Prophet Muhammad (pbuh) deplored overeating by saying, “Kill not your hearts with excess of eating and drinking.” Overeating, especially on the day of ‘Id (when people are seduced by the many favourite dishes families prepare for this day), is the quickest way to undo the benefits achieved during Ramadan. The physiological change that facilitates moderate eating is the secret of fasting as a weight control mechanism. Although over a period of time the moderate eating habits developed during Ramadan usually get somewhat eroded, the fasting month returns after 11 months to re-establish the good habits. However, it is possible to sustain the physiological change that ensures weight control by reinforcing the habit of moderation by also fasting at other times during the year, which the Prophet (pbuh) did regularly.
We often overlook the fact that fasting is Allah’s (swt) prescription for humans to fine-tune their bodies, especially the digestive system. All body systems or parts need rest. Sleep is one way for some organs to achieve this; the eyes, mind, and muscles are other obvious examples. The heart and the digestive system achieve their rest by actively slowing the system or reversing the system operation, somewhat similar to a reverse flush that is done to clean radiator pipes in a vehicle. Standing on one’s head provides a good means of rest for the heart because it reverses the pull of gravity against the normal flow of blood, just as putting down one’s arms does when one is painting a ceiling. For the digestive system, fasting offers the best rest. It is a welcome respite from frequent meals, snacks, and drinks such as tea or coffee. This rest gives the digestive system the opportunity to clean and rejuvenate itself thereby making it more efficient, just as a farmer leaves a field fallow or uncultivated for a year so that it provides better and more abundant crop the following year.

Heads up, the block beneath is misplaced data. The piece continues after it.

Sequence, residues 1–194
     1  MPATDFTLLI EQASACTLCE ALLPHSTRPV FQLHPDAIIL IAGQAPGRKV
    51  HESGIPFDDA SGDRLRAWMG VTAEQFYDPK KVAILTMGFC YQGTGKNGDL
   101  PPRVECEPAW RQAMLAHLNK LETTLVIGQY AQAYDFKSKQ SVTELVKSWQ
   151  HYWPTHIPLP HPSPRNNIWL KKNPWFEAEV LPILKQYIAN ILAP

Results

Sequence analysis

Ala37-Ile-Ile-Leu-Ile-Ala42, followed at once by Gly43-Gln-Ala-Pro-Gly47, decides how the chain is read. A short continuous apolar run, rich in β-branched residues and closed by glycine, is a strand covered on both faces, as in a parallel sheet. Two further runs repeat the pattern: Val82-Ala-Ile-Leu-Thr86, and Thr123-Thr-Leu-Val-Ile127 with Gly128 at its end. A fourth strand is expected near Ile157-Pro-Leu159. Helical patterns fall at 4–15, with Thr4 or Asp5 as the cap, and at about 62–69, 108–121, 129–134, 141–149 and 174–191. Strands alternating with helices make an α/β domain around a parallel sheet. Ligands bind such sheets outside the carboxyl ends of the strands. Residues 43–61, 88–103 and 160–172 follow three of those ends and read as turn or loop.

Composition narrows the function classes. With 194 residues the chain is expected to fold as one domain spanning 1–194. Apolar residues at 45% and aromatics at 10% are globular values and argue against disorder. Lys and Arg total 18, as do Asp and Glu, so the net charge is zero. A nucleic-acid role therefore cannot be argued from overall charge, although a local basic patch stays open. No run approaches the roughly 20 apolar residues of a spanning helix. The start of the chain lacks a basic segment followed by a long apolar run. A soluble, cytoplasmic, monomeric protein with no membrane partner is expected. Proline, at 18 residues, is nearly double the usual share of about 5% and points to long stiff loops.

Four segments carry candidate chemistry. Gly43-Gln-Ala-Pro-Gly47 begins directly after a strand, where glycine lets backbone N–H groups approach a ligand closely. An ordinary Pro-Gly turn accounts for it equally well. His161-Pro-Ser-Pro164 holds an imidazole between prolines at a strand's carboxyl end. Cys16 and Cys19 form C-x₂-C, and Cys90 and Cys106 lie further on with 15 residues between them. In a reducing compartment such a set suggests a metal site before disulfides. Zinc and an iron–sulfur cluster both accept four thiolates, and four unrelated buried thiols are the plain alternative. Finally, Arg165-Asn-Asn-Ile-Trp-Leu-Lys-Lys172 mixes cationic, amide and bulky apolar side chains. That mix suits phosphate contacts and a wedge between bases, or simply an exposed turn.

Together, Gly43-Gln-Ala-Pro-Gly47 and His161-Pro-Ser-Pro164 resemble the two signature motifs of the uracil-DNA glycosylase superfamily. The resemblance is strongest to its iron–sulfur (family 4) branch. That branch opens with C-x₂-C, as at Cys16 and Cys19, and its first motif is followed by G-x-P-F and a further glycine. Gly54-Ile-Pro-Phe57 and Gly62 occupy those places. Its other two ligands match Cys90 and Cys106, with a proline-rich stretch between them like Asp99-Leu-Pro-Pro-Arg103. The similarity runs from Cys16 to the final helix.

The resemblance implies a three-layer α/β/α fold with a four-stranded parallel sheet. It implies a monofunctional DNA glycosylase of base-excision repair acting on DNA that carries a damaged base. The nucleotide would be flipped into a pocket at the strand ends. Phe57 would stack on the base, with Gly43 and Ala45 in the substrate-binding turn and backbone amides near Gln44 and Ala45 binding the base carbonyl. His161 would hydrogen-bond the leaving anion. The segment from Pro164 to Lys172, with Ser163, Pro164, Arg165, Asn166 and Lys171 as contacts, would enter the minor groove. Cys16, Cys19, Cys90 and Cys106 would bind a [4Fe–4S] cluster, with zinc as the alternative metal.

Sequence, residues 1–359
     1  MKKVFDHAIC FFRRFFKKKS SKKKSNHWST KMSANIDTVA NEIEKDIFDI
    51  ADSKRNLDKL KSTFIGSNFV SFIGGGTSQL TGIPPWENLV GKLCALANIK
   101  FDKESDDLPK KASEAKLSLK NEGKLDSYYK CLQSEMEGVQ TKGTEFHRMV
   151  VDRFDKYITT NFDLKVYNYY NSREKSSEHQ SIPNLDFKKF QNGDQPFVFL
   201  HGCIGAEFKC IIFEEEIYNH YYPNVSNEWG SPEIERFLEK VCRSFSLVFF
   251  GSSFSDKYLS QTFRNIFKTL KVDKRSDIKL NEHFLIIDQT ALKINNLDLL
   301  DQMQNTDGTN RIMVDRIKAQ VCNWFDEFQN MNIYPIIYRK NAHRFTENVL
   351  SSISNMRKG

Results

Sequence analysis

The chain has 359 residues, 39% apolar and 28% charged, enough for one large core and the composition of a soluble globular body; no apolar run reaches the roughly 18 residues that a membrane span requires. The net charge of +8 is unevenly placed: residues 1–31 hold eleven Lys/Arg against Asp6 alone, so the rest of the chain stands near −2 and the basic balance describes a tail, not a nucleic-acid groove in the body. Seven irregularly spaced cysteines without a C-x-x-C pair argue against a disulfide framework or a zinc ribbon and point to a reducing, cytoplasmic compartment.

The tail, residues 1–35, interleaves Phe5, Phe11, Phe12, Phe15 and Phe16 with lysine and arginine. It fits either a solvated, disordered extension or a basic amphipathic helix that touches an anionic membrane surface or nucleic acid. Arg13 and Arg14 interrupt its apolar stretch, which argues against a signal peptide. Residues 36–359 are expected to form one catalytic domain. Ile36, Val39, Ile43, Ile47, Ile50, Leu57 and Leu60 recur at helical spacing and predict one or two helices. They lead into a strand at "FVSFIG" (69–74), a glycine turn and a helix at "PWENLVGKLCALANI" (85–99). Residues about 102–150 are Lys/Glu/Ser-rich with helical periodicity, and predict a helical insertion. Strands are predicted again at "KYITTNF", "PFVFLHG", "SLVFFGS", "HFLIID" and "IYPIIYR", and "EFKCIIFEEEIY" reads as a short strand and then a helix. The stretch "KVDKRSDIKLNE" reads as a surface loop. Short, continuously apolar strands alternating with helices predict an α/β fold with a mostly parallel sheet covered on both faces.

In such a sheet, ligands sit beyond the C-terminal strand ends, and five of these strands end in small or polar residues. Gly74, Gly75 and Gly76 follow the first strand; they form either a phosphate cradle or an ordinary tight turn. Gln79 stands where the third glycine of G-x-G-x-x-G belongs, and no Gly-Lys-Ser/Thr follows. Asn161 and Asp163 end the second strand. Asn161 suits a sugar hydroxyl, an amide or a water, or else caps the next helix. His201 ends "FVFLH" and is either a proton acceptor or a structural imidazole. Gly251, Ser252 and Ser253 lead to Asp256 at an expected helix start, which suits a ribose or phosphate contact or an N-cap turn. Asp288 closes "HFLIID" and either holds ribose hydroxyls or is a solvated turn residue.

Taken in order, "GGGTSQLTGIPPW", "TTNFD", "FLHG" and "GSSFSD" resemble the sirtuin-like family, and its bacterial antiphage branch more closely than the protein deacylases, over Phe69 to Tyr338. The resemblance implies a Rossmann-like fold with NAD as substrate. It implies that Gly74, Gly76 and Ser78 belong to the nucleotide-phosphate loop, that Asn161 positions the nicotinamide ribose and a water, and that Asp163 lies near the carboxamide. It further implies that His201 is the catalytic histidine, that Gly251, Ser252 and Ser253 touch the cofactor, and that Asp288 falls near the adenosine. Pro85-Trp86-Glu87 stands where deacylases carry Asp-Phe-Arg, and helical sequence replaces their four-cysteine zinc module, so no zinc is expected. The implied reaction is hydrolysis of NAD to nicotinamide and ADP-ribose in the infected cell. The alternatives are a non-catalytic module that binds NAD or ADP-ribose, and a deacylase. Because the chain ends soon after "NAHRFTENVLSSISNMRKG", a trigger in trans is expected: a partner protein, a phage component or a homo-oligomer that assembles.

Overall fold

Fasting, as prescribed in Islam, also requires spiritual cleansing, which at the practical level is reflected in modifying behavior to meet higher ideals. Fasting without ‘ibadah and contemplation achieves little merit in Islam. In ‘ibadah a Muslim can seek Allah’s (swt) help to become righteous to stand up against injustice and oppression. In contemplation a Muslim can examine the behaviours that undermine efforts to come closer to fellow human beings, namely, family, friends, neighbours, colleagues, acquaintances, and others. Modifying behaviour is integral to fasting. A Muslim’s behaviour or attitude to others must reflect respect, kindness, and justice. The Prophet (pbuh) himself reminds us, “A keeper of the fast who does not abandon lying and evil ways, Allah cares not about his [or her] leaving off eating and drinking.”
Fasting is probably the best way for one to feel the pangs of hunger, misery of the homeless, and suffering of the downtrodden. Creating empathy for the destitute is Islam’s way of stirring our conscience to become actively involved in addressing the needs of the most unfortunate and marginalized in society. It is related that someone asked Imam Husayn (ra), “What is the lesson of fasting?” He replied, “The rich should feel the pangs of hunger and appreciate what the poor have to endure, and therefore share Allah’s bounty with them.”
At a higher spiritual level, fasting in Islam is seen as armor against evil. Those who are able to renounce lawful satisfaction of desires in obedience to Allah’s command are more able to renounce unlawful gratifications. Just as physical exercise strengthens the body, so mental, spiritual, ethical, and moral exercise through fasting builds willpower to conquer physical appetites and abstain from what is wicked and wrong. The strength built during Ramadan is only the beginning of the journey toward getting closer to God by becoming a better human being through empathy with and concern for one’s fellow human beings. We are reminded of this when our Prophet (pbuh) said, “If you love your Creator, then love your fellow-beings first.” May Allah (swt) help us all to progress along this journey not only in the month of Ramadan but throughout our life.
Ahmed Motiar is the author of What makes Islam the fastest growing religion in the world — a book every Muslim should own for its unique collection of sayings of both the Prophet (pbuh) and Imam ‘Ali (ra) on over 100 categories listed in alphabetical order. He is the inventor of the Award-winning 3E Reading System, and recipient of the prestigious (Canadian) Prime Minister’s Award for Teaching Excellence in Science, Technology and Mathematics for the Math Games he created. His most recent book is The Reserve Bank: A License to steal money from Citizens? http://www.MathAndLiteracyAfrica.co.za.